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CISE graduates share their successes

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Wednesday, January 27, 2010

By Eileen Connelly, OSU

ARCHDIOCESE — Since the Catholic Inner-City School Education Fund (CISE) was established in 1980 by the late Cardinal Joseph L. Bernardin, students have benefited from the knowledge, discipline and faith that are the cornerstones of Catholic education.

Steven Baines, a graduate of Corryville Catholic School, reads the intercessions during a recent Sunday Mass at Holy Name Parish in Mt. Auburn. (CT/Eileen Connelly, OSU)

CISE currently serves a diverse population of 1,400 students in kindergarten through eighth grade at eight urban Catholic schools, as well as 235 CISE alumni attending local Catholic high schools, most through scholarships funded by targeted donations from supporters of CISE.

The results from CISE schools are impressive; during the past three years alone, approximately 95 percent of CISE students at area high schools have graduated, and 88 percent have gone on to college or technical schools.

CISE graduates say the dedication of their teachers, a supportive environment that nurtured their gifts and the core values that accompany a Catholic education prepared them well to succeed academically and professionally.

On a recent Sunday morning at Holy Name Parish in Mt. Auburn, Steven Baines stood in front of the congregation to welcome them. Later in the Mass he read the intercessions and distributed Communion to his fellow parishioners.

A member of the parish since he was a child, Baines’ involvement at Holy Name is just one way he strives to give back. As a student at Corryville Catholic, he learned the importance of making a difference in the lives of others and has made a conscious effort to seek opportunities that enable him to do so.

An only child, Baines initially attended another neighborhood school but when it was rumored to close, his parents transferred him to Corryville Catholic in the third grade. Baines has fond memories of his time there saying, “What I really remember is how much the teachers cared about the students and their education. They, along with my parents gave me a good grounding in compassion and care for others.”

Both his parents and teachers also emphasized the importance of continuing his education. After graduating from Corryville Catholic in 1980, Baines went on to attend Roger Bacon High School and Xavier University, earning a bachelor’s degree in communication arts and marketing, and the School for International Training in Brattleboro, Vt., from which he holds a master’s degree in international and intercultural management.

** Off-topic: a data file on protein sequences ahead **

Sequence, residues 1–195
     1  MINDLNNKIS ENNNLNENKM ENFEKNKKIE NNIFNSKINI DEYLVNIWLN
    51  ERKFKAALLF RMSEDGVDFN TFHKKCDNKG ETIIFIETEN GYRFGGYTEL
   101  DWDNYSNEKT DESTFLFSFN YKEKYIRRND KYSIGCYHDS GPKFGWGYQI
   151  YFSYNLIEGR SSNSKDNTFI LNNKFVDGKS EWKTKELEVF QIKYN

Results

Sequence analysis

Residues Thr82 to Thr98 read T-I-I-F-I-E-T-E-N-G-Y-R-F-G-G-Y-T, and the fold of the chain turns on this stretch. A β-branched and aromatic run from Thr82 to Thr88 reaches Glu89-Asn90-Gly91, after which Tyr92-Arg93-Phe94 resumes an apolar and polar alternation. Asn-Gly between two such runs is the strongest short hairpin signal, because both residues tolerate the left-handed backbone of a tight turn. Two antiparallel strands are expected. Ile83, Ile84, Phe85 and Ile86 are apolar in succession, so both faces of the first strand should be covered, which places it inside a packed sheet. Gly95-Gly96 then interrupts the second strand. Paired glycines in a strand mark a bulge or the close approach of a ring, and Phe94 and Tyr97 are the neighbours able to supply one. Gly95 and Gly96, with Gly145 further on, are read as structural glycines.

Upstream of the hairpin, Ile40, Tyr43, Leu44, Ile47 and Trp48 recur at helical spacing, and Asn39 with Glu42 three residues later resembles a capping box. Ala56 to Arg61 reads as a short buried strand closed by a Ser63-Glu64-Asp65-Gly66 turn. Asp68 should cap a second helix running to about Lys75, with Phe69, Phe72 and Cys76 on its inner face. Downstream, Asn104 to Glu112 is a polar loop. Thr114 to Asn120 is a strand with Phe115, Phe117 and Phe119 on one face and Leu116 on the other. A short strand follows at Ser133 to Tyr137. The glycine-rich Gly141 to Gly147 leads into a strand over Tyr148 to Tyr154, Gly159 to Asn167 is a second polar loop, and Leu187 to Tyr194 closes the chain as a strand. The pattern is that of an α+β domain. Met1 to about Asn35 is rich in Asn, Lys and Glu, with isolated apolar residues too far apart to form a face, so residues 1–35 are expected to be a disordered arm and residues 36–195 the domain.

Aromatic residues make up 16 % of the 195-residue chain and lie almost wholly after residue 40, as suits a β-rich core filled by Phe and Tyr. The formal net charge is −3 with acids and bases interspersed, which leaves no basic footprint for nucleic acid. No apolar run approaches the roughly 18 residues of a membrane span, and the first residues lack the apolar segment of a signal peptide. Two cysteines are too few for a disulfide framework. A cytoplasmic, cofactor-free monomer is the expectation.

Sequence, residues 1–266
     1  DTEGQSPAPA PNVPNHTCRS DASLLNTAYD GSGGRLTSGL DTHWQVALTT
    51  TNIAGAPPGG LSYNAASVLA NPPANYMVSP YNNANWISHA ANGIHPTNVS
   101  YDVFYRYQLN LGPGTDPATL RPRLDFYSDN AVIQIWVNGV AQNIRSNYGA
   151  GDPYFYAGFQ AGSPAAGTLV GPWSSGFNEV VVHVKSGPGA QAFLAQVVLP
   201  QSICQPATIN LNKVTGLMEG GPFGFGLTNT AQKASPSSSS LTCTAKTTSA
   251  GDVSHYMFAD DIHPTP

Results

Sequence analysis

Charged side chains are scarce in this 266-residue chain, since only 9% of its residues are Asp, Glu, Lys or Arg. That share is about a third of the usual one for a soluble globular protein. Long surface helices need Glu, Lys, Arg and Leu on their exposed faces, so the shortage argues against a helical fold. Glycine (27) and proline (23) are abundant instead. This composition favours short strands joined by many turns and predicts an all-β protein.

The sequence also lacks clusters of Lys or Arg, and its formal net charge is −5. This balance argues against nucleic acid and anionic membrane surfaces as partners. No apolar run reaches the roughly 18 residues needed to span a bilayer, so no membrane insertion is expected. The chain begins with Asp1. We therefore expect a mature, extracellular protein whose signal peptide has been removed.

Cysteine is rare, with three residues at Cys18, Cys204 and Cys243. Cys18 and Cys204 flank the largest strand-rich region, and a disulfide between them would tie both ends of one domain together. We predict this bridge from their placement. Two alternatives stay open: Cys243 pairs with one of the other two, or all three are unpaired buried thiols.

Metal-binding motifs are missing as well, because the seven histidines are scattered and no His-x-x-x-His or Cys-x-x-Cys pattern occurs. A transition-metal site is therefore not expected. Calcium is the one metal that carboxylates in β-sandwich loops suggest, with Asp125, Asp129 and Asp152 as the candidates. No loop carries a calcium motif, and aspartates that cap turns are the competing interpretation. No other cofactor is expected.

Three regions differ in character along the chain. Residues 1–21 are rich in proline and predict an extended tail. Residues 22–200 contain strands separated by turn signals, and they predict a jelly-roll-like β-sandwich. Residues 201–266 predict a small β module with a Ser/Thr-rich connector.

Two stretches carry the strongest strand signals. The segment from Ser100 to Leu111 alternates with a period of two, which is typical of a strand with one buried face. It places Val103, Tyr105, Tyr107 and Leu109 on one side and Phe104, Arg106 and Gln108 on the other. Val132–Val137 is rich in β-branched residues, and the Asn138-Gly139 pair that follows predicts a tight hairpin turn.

From 1995-97 Baines served as a Peace Corps volunteer in Bolivia, where he worked with high-school aged youth teaching small business skills and English. “The goal was to provide technical assistance, learn about the people and tell them about the United States,” he explained.

Baines also spent three years, from 1999-2002, in Malawi, Africa, as a staff member of Catholic Relief Services. He initially worked to develop partnerships between CRS and the local dioceses and helped to build the model the organization now uses worldwide.

“I learned you can’t do anything without partnering with other people,” Baines said. “When you do it right, collaboration and partnerships can be very effective.”

A promotion led to his work as a program manager for CRS’ HIV/AIDS project, which supports individuals infected with and by these diseases. His experiences in Bolivia and Malawi were meaningful for Baines who said, “They gave me a new level of understanding of other cultures and new openness toward peoples’ differences. I realized people are still persecuted for their differences and that until you have lived among them, you can’t have a true understanding of their culture.”

Back at home Baines served as chairman of the City of Cincinnati Health Department and now volunteers as the diversity co-chairperson for the Human Rights Campaign in Greater Cincinnati and one of their national diversity trainers. Baines is currently employed as an education specialist at Cincinnati Children’s Hospital Medical Center, where he is the primary facilitator for new employee orientation. In addition he is a faculty coach at the Center for Progressive Leadership, a national institute that helps people by training them to become leaders in their communities and work for political and policy changes.

Baines has returned to Corryville Catholic on several occasions to address the students and share his experiences. One thing he stresses to them is what he learned as a student there — the importance of volunteering and giving back. He also reminds them to “appreciate the gifts you have, no matter how big or small,” and to give thanks for “friends and family, because none of us can make it on our own.”

Last, but certainly not least, Baines tells the students to “always have faith.”